Talking to the Taliban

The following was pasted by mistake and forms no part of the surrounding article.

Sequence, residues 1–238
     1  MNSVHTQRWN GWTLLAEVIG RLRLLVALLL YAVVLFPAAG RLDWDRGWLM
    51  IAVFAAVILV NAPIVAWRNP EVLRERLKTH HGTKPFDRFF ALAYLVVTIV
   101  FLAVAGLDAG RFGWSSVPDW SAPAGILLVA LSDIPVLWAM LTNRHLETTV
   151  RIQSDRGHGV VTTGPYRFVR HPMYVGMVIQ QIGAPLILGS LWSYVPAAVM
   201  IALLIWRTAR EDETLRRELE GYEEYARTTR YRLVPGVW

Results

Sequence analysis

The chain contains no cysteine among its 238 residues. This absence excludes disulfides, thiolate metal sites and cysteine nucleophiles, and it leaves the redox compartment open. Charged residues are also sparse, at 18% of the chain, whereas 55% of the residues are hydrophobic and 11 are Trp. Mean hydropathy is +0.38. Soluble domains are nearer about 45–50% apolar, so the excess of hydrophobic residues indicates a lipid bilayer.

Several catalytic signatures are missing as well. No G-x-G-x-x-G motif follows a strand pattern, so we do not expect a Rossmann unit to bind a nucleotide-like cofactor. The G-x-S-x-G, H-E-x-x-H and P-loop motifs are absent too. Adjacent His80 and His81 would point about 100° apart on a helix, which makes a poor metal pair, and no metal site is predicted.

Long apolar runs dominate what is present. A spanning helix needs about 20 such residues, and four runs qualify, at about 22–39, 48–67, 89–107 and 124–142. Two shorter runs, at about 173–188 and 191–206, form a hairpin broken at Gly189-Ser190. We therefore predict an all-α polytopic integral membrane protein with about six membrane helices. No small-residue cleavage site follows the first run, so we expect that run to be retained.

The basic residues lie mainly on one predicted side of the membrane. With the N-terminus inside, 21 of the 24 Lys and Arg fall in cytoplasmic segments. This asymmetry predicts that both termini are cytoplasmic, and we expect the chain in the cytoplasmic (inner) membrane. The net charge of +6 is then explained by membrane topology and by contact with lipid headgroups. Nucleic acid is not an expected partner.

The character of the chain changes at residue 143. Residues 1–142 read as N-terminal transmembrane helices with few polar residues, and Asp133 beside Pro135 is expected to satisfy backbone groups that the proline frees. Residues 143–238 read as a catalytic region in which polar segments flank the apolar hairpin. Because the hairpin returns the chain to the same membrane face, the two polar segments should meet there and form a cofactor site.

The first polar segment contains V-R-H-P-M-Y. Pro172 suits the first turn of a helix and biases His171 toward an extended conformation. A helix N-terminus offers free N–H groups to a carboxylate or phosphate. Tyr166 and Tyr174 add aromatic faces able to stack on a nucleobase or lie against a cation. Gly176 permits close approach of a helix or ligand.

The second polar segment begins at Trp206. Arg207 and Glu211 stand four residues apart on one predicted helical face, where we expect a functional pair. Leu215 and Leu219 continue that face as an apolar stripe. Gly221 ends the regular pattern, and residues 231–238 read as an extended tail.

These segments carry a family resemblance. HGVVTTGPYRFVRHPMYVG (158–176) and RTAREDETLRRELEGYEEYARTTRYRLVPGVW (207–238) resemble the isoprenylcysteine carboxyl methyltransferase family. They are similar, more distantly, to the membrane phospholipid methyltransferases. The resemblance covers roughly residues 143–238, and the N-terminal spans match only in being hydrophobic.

Past attempts by the Obama administration to start peace talks with the Afghan Taliban foundered in part because the process was not, as U.S. officials frequently claimed, "Afghan-owned and Afghan-led." In fact, the Taliban refused to negotiate with the government of Hamid Karzai, insisting its only purpose was to arrange the complete withdrawal from the country of all U.S. and allied forces. Karzai himself strenuously objected to a plan to open a Taliban office in Qatar in 2011, claiming he had been excluded from talks about it, and the initiative soon collapsed. Consequently, it was modestly encouraging that the administration's latest effort to begin a peace process, announced Tuesday, was less at odds with its slogan. An administration briefer said he expected that an initial meeting between U.S. and Taliban officials this week in Doha, where a Taliban office will open, would be "followed within days" by a meeting of the Taliban high commission and Karzai's High Peace Council. In Kabul, the Afghan president endorsed the process, though he stressed that the talks should move "immediately" to Afghanistan, a demand that is unlikely to be met. Direct negotiations between the Afghan government and insurgents would be a step toward a political settlement to the war. But President Obama and his aides were right to underline the fragility of the process. For it to succeed, the Taliban leadership will have to abandon its goal of eliminating Afghanistan's post-2001 government and constitution and definitively break with al-Qaida; Pakistan's military and intelligence elite will have to conclude that such a settlement is in their interest.